He said: "Some one must chop wood." And for this task he detailed young Shaster and old Patterson. Shaster had been the old fellow's bookkeeper, but their business relations had broken up in a fine row. A brass-edged ruler had been flourished, even though whacked harmlessly only upon a desk.
The old fellow look at the young fellow.
He said to himself: "It was double dealing for Doc to withhold that young scoundrel's name until the last moment. I shall see to it that none of my friends have anything to do with him."
Said young Shaster: "Just let me get in a boat with that old miser! That's all!"
But he soon saw that murder in some other form would have to be turned to. Not in twenty years had the old fellow been in a body of water, except as an island in a bath tub.
Old Patterson, a remarkable sight in tights, stood ankle deep at the lakeside. Then he retreated, scratching the tickling of drying water on a left ankle with a right toe.
Some one laughed. As if leading a regiment, Old Patterson marched into the lake, pushed out a great wave in front of him, and, to his own and general astonishment, swam as well as ever he had. Swam on his back and then floated with drifting toes and nose; dived and swam under water; even Shaster exclaimed: "Good enough!"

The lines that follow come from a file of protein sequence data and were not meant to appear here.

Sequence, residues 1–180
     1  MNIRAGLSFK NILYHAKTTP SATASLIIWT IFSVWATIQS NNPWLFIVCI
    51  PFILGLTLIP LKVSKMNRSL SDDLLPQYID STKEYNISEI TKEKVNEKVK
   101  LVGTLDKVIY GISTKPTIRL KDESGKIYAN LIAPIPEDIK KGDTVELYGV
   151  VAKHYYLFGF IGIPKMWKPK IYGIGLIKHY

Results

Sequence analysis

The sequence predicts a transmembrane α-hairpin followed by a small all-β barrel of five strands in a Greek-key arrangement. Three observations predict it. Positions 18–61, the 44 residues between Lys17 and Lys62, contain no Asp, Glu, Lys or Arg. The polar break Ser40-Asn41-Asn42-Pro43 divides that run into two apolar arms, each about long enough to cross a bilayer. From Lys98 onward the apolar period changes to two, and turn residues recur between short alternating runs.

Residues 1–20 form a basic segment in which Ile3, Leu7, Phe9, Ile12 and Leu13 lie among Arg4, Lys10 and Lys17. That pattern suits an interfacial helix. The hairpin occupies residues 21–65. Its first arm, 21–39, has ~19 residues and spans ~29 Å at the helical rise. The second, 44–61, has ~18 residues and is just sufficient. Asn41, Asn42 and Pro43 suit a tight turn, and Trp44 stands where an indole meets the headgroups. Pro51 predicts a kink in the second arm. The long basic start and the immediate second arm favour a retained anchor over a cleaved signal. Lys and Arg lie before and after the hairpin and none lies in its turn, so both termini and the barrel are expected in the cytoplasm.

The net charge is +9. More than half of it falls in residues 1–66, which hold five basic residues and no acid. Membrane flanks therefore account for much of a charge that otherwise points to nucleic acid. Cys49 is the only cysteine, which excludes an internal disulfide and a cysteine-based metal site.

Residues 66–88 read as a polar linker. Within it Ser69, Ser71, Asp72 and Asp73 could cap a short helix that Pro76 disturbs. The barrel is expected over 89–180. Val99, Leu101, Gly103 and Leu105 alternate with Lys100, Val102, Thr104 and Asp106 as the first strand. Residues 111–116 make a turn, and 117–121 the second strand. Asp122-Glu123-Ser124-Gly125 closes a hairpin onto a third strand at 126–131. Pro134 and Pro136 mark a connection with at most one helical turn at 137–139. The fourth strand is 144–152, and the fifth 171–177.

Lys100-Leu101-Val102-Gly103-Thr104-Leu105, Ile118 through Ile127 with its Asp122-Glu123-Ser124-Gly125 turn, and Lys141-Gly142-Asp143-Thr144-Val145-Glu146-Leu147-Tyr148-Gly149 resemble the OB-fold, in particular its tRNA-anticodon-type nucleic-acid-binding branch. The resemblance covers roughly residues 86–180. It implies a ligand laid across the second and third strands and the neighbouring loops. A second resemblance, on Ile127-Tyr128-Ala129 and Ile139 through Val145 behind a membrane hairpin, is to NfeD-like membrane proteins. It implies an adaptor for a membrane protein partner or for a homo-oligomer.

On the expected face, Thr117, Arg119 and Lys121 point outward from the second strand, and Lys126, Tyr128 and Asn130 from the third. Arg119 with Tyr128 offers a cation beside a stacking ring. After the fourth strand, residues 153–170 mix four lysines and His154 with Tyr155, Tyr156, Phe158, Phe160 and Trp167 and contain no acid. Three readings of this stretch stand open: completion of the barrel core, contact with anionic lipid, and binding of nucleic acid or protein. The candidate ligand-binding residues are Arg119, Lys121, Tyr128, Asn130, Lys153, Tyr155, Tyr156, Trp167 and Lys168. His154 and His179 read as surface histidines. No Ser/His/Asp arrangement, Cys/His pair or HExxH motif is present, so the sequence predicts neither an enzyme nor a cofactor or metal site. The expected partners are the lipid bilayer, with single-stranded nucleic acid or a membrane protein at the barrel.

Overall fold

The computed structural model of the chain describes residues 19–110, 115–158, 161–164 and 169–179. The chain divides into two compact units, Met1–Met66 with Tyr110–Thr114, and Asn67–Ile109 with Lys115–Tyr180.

They had dinner on a rough plank for a table.
Some one said: "Please pass the butter."
The others thought this too civilized, and felt that something was missing, until some genius cried: "Slide the grease!"
"Would you kindly pass the griddle cakes? What? No way to talk? Then sling us a grid."
And where in all commonplace, uninteresting civilization would you run across such a joke as taking the request literally and flapping a hot disk at an eye?
"Slam us some bread!" called Patterson, the jolliest old boy in the woods. Young Shaster grabbed half a loaf and twirled it, the old fellow catching it as if he had spent his life behind the bat, the young fellow looking greatly as his wife looked when she felt called upon to exclaim: "Oh, I forgot! I'm mad at you!"